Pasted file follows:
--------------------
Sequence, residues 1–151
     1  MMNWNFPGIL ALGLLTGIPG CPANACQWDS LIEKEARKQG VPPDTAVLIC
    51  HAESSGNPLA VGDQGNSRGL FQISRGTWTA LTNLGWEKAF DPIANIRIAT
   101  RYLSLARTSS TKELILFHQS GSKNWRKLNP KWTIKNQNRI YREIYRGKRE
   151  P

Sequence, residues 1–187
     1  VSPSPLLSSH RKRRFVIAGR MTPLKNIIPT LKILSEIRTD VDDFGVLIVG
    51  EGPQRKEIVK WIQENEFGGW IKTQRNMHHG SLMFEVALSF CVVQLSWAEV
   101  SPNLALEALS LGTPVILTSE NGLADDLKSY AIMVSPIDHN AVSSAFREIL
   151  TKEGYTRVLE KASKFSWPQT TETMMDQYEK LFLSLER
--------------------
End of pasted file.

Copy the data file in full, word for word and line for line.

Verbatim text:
Sequence, residues 1–151
     1  MMNWNFPGIL ALGLLTGIPG CPANACQWDS LIEKEARKQG VPPDTAVLIC
    51  HAESSGNPLA VGDQGNSRGL FQISRGTWTA LTNLGWEKAF DPIANIRIAT
   101  RYLSLARTSS TKELILFHQS GSKNWRKLNP KWTIKNQNRI YREIYRGKRE
   151  P

Sequence, residues 1–187
     1  VSPSPLLSSH RKRRFVIAGR MTPLKNIIPT LKILSEIRTD VDDFGVLIVG
    51  EGPQRKEIVK WIQENEFGGW IKTQRNMHHG SLMFEVALSF CVVQLSWAEV
   101  SPNLALEALS LGTPVILTSE NGLADDLKSY AIMVSPIDHN AVSSAFREIL
   151  TKEGYTRVLE KASKFSWPQT TETMMDQYEK LFLSLER